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Social Change in Iran: An Eyewitness Account of Dissent, Defiance, and New Movements for Rights Hardcover – April, 2002

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Product Details

  • Hardcover: 269 pages
  • Publisher: State Univ of New York Pr (April 2002)
  • Language: English
  • ISBN-10: 0791452115
  • ISBN-13: 978-0791452110
  • Product Dimensions: 0.8 x 6 x 9 inches
  • Shipping Weight: 14.4 ounces (View shipping rates and policies)
  • Average Customer Review: 4.5 out of 5 stars  See all reviews (8 customer reviews)
  • Amazon Best Sellers Rank: #6,005,559 in Books (See Top 100 in Books)

Editorial Reviews


This is a good source for learning about recent developments in Iran. All levels and collections. -- Choice

Yaghmaian's book is a captivating eyewitness account told by a knowledgeable insider... a book that deserves to be read widely. -- VOLUNTAS: International Journal of Voluntary and Non-profit Organizations

From the Publisher

Social Change in Iran is an inquiry into the recent changes in Iran, blending scholarly analysis, eyewitness accounts, and the author’s personal experiences. It tells the stories of everyday people, be it young men and women challenging the cultural and social mandates of the Islamic Republic, or workers toiling at multiple jobs to overcome harsh economic realities. This passionate homage to the people of Iran as told by a native is a glimpse into the human feelings and aspirations of a people subjected to varying forms of violence at home and widespread misunderstanding abroad. At the same time Yaghmaian provides an informed analysis of the widening political divide within the state, and the emergence of a movement for reform, both of which have shaken the seemingly indisputable foundations of the Islamic Republic.

More About the Author

Behzad Yaghmaian is an Iranian-born author living in the United States. Currently, he is a Professor of Political Economy at Ramapo College in New Jersey. He has taught in the United States, Iran, and Turkey.

Yaghmaian has published a number of articles on globalization and Third World Studies in various academic journals. His book, Social Change in Iran: An Eyewitness Account of Dissent, Defiance, and Movements for Rights, was written after a year-long visit to Iran during the time of the brief political opening in Iran in 1998-99. During that period, Yaghmaian was a columnist for a popular reformist newspaper, Neshat, while also contributing articles to other widely-read dailies and magazines. He was the consultant for a 2003 PBS/Channel 4 (England) documentary about Iran.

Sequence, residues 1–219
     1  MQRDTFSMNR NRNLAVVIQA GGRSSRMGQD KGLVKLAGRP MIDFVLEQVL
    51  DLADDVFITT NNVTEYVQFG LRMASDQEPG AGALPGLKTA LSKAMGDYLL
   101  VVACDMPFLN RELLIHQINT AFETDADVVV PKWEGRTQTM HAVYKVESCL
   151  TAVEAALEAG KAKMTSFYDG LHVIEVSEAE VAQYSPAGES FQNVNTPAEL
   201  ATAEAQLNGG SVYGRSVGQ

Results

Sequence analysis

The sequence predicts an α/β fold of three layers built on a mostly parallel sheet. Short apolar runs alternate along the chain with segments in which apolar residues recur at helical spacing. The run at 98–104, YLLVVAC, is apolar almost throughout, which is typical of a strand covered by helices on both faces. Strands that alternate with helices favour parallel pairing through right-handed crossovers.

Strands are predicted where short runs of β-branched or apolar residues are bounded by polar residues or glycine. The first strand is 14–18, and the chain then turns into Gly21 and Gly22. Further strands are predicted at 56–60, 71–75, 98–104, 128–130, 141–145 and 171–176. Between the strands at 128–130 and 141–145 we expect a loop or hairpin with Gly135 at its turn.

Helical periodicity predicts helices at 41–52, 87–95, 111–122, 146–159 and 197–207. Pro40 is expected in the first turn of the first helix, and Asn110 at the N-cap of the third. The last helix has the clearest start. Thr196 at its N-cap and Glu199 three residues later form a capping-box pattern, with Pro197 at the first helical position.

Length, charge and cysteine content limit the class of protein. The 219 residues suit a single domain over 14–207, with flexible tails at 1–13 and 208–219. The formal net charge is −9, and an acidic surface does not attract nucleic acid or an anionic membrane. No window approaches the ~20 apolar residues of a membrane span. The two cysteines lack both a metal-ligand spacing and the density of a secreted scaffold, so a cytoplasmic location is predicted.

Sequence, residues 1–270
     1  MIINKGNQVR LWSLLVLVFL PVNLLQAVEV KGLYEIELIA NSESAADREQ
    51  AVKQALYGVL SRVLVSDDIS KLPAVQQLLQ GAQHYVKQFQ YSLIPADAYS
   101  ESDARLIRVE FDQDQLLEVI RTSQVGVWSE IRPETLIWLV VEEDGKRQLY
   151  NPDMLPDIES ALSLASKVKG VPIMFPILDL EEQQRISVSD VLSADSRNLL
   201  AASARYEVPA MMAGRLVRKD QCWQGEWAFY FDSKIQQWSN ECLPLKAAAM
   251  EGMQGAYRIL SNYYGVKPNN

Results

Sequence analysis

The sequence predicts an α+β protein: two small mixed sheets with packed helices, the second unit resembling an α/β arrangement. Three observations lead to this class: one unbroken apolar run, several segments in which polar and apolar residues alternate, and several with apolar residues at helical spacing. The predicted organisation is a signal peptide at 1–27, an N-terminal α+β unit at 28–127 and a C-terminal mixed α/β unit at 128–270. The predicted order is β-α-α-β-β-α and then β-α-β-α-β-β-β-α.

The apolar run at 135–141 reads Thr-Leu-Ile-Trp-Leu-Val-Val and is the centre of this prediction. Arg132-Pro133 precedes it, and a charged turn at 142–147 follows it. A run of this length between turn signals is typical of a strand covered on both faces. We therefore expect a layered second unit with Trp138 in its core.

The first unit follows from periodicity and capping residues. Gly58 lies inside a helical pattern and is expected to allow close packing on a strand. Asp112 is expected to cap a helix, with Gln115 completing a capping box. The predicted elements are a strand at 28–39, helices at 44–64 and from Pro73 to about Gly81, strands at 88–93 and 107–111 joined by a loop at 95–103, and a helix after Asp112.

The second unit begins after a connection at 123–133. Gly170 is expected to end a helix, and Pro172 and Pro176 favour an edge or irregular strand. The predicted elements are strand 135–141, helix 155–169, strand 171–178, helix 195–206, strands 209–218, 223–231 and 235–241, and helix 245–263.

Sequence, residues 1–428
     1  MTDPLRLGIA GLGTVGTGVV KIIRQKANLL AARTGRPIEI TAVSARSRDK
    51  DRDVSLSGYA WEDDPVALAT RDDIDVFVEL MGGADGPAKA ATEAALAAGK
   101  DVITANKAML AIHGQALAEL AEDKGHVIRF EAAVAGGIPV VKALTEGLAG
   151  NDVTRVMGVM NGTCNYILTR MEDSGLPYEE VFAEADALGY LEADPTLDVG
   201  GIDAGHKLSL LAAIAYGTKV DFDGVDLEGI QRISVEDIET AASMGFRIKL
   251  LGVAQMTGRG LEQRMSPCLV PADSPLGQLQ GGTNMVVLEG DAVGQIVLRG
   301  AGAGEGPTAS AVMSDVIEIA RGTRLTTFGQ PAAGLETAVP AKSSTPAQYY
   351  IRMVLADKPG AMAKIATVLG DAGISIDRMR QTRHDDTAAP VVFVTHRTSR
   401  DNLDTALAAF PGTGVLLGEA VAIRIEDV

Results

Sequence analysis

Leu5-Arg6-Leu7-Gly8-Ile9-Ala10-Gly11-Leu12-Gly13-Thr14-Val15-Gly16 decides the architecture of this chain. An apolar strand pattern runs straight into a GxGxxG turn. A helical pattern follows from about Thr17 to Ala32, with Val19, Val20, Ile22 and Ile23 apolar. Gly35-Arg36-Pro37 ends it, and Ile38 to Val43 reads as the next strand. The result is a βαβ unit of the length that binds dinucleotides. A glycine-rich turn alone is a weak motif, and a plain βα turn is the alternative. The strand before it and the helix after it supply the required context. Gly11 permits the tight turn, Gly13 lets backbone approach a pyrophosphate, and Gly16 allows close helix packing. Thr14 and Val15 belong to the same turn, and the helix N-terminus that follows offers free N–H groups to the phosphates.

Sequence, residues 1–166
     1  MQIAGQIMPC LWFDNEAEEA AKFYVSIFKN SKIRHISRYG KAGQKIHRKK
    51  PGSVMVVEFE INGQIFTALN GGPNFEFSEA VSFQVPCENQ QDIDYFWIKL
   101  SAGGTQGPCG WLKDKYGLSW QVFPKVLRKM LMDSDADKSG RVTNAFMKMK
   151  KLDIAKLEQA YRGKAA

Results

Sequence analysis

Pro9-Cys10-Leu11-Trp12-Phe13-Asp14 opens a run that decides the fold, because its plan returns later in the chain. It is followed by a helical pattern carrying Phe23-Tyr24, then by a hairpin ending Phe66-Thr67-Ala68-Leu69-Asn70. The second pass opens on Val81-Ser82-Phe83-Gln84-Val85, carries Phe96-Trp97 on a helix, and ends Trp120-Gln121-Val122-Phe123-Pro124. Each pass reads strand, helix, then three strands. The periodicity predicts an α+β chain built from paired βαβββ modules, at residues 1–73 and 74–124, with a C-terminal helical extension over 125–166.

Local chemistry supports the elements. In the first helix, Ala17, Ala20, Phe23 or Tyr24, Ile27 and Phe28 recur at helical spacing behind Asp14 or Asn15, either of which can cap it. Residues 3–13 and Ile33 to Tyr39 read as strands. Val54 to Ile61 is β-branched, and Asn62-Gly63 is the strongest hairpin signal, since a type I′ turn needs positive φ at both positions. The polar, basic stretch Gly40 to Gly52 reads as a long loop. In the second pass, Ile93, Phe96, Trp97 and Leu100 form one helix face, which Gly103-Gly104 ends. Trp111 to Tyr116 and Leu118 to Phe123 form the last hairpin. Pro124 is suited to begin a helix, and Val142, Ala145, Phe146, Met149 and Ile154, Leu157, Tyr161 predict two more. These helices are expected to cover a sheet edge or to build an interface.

In September 2002, Yaghmaian left the United States, traveling for two years in the Middle East and Europe following migrants from Muslim countries on the journey to the West. He lived among them, listened to their hopes, dreams, and fears, weaving together dozens of their stories of yearning, persecution, and unwavering faith in his latest book, Embracing the Infidel: Stories of Muslim Migrants on the Journey West.

In 2007, Yaghmaian traveled to china to live among the growing population of internal migrants working in the country's sprawling factories. His most recent book, The Accidental Capitalist: A People's Story of the New China, is a narrative of China's economic and social transformation told through personal biographies of migrants.

Yaghmaian has appeared on CNN, CNN International, Book TV, C-SPAN 2, Amy Goodman's Democracy Now, NPR's Morning Edition, WNYC's The Brian Lehrer Show, a number of NPR and local radio stations around the country, the Canadian Broadcasting Corporation, and different radio programs in England, and Italy. His op-ed pieces have been published in USA Today, The New York Times Online,The International Herald Tribune and The Chicago Tribune, and his journalism has appeared in Le Monde Diplomatique and various popular online sites. Translations of his earlier stories were published in National Geographic and Le Monde Diplomatique in Turkish.

Customer Reviews

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Most Helpful Customer Reviews